Maybe you were one of those lucky few to pitch your book at the conference. Maybe, against all odds and a lot of preparation, an agent or editor requested your full.
It’s time to send in your proposal. There’s a lot of information on blogs across the internet about how to prepare a proposal, but for the most part, follow the directions provided on the agency’s or publisher’s website. Their expectations may differ slightly from someone else’s, so it’s best to make sure you cover your bases.
Once you send in the full, you’re probably in for a wait. Most agents and editors specify a time length from the day you send in your full to when you can expect an answer. These time periods do vary. Sometimes this means they’ll express interest in your piece or send a rejection letter before the end of the designated time. Other agencies and publishers may simply not respond at all. Again, this isn’t personal. They have a lot on their plate, so if you don’t hear anything, it’s time to move forward.
During the intermediate period when you’re waiting to hear back, you can make progress on a second WIP. Start plotting and researching again. There’s several reasons to keep moving.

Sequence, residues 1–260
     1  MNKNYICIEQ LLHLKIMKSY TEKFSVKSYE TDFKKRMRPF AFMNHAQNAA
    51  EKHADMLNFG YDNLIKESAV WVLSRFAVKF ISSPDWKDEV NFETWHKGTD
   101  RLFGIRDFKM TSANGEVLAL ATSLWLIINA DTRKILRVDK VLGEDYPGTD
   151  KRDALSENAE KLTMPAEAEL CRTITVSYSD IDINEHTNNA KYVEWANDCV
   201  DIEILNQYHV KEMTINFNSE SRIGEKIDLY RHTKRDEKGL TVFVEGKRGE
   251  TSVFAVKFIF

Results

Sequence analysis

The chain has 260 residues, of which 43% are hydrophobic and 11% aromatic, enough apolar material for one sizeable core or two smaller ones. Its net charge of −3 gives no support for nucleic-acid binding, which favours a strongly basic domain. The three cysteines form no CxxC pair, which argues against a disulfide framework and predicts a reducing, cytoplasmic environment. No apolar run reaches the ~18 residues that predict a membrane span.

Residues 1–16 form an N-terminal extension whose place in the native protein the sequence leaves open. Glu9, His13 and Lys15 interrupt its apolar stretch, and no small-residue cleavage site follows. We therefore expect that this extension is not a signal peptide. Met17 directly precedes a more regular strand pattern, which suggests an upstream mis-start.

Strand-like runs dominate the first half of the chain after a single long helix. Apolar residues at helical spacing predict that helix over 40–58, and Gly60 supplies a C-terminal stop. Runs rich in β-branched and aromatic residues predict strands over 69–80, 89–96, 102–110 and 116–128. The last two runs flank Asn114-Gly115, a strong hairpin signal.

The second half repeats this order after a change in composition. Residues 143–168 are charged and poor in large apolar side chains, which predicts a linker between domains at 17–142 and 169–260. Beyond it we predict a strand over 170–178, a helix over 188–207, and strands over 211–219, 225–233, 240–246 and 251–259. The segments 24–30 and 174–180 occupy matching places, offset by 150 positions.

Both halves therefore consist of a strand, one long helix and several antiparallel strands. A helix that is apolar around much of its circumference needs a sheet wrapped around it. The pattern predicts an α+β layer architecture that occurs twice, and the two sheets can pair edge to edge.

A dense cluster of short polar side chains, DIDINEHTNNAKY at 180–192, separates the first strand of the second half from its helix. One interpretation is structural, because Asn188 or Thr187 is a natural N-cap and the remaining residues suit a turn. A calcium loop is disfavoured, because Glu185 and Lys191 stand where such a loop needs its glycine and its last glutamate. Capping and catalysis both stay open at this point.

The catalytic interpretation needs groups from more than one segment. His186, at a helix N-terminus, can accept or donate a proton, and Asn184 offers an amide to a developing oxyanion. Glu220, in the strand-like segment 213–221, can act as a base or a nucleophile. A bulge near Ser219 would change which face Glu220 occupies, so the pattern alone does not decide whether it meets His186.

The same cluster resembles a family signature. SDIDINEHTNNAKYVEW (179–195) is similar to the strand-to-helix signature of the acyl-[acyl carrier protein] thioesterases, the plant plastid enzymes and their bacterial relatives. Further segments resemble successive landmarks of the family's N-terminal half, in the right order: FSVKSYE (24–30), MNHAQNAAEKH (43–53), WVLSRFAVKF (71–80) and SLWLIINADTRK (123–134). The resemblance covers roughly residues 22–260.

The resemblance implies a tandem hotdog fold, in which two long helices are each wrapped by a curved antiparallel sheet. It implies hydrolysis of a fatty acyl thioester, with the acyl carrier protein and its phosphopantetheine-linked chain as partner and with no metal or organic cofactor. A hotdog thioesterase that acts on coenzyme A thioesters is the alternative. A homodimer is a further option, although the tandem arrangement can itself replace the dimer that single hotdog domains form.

1. It helps you write. A fairly common known fact is that the writer who writes every day tends to write with more ease than those who procrastinate. You’ll do better long-term if you put your fingers back to the keyboard.
2. What if…? What if the agent or editor does come back and wants to know what else you’re working on? Will you have an answer? Don’t waste time twiddling your fingers; instead, spend it preparing for the future.
3. Move over the hump. Sometimes after a rejection it’s hard to dig back into your writing. If you’ve already started engaging with another piece, it’s much easier to keep moving forward. Rejection can sideline even great writers to the bench. By progressing with another WIP, you’re already preparing your mind to learn from the rejection and grow.
4. Time. Right now you have freedom to explore something new. Once you receive feedback on your proposal, you’ll either move back into editing or forward into new realms and relationships. Either way, your time right now can be used to prepare for the future.
So in the waiting period, rest assured, you still have a job to complete. What’s the premise of your next WIP?